Apple Cutting iMac and MacBook Prices, Sources Say

AppleInsider is reporting the 13-inch MacBook and iMac may receive pricing changes, as the netbook-less Apple adjusts to a netbook-led market. The move does not appear related to Microsoft's ads that paint Apple Macs as overpriced.

Not even Apple is immune to the effects of a limping economy.
In a move designed to help boost market share, Apple is expected to soon drop the prices on its popular iMac and 13-inch MacBook, AppleInsider is reporting, citing "people who've proven extremely reliable in predicting Apple's future business directions."
AppleInsider reports the move isn't so much a response to Microsoft's new ad campaign, presenting Macs as overly cool and overpriced, but a need to keep up in a market currently boosted by netbook sales.
Apple does not offer a netbook, saying it's "not something we would put the Mac brand on." A Web tablet, or media pad, is perhaps more likely.
Until then, the incentive of lower prices could conceivably bring additional customers to Apple, which experienced sequential shipment declines for iPhones, Macs and retail in the first quarter of 2009.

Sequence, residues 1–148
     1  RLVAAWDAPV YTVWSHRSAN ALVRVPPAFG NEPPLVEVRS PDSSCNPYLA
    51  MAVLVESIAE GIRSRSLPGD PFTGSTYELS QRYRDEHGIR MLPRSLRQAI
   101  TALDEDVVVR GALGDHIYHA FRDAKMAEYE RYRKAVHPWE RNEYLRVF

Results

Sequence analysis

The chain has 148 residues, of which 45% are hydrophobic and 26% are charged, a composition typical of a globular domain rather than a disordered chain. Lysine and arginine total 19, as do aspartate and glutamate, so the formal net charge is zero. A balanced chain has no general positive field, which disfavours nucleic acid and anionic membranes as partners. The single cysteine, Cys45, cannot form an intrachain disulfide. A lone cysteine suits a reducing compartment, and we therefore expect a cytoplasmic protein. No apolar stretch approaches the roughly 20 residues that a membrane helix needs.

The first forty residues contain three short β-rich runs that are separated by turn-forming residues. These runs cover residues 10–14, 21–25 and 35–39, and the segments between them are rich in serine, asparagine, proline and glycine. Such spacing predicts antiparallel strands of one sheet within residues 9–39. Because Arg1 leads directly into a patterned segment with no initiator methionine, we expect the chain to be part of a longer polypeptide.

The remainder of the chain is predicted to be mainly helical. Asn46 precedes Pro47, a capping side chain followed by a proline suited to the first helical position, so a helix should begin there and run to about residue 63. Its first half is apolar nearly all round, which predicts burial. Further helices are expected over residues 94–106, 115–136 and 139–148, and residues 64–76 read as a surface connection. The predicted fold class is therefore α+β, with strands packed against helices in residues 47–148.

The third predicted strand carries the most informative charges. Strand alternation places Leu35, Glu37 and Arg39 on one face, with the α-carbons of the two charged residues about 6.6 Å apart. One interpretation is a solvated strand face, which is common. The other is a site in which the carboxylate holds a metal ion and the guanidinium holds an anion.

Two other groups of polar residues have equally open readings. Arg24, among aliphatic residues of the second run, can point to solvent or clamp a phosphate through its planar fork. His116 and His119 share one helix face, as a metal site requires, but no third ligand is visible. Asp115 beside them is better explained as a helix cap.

"It's believed that the first batch of more affordable Macs could turn up as early as this spring as part of a restructured MacBook line, while MacBook Pros for the most part would stay their course and benefit slightly from Intel's planned Montevina refresh, which should nudge clock speeds," AppleInsider reports.
Ezra Gottheil, an Apple-focused analyst at Technology Business Research, says he'd be surprised to see Apple offer a discount.
"I think the price resistance they're experiencing isn't a matter of, -If it were $100 cheaper I would buy it,' it's a matter of, 'You don't have a PC in the $600 range,'" said Gottheil.
It's more likely for Apple to permanently reduce baseline pricing before a product refresh, Gottheil explained.
"The sort of thing where they say, -Now the base MacBook is $100 less,' is quite conceivable," he said.

"The iMacs, however, they just refreshed. I think they'd be cutting their margins thinner [than] they wanted to, if they were to reduce those."